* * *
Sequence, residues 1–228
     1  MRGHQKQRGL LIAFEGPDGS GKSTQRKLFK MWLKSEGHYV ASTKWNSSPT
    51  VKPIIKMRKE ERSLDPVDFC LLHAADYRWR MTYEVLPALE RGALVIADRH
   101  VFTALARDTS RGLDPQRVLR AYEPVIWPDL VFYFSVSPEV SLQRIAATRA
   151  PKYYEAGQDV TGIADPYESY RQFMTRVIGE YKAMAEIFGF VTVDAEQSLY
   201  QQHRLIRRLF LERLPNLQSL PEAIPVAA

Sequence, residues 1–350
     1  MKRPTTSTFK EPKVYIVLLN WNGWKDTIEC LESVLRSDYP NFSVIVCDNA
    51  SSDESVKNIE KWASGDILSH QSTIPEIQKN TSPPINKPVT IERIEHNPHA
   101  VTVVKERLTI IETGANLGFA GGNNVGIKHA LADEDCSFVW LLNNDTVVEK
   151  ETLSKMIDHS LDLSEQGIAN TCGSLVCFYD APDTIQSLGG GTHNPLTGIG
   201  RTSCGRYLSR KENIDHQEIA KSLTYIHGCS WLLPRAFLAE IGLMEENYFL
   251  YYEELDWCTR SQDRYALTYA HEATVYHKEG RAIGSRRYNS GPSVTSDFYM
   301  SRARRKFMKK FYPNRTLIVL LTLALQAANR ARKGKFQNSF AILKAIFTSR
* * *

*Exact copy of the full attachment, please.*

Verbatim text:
Sequence, residues 1–228
     1  MRGHQKQRGL LIAFEGPDGS GKSTQRKLFK MWLKSEGHYV ASTKWNSSPT
    51  VKPIIKMRKE ERSLDPVDFC LLHAADYRWR MTYEVLPALE RGALVIADRH
   101  VFTALARDTS RGLDPQRVLR AYEPVIWPDL VFYFSVSPEV SLQRIAATRA
   151  PKYYEAGQDV TGIADPYESY RQFMTRVIGE YKAMAEIFGF VTVDAEQSLY
   201  QQHRLIRRLF LERLPNLQSL PEAIPVAA

Sequence, residues 1–350
     1  MKRPTTSTFK EPKVYIVLLN WNGWKDTIEC LESVLRSDYP NFSVIVCDNA
    51  SSDESVKNIE KWASGDILSH QSTIPEIQKN TSPPINKPVT IERIEHNPHA
   101  VTVVKERLTI IETGANLGFA GGNNVGIKHA LADEDCSFVW LLNNDTVVEK
   151  ETLSKMIDHS LDLSEQGIAN TCGSLVCFYD APDTIQSLGG GTHNPLTGIG
   201  RTSCGRYLSR KENIDHQEIA KSLTYIHGCS WLLPRAFLAE IGLMEENYFL
   251  YYEELDWCTR SQDRYALTYA HEATVYHKEG RAIGSRRYNS GPSVTSDFYM
   301  SRARRKFMKK FYPNRTLIVL LTLALQAANR ARKGKFQNSF AILKAIFTSR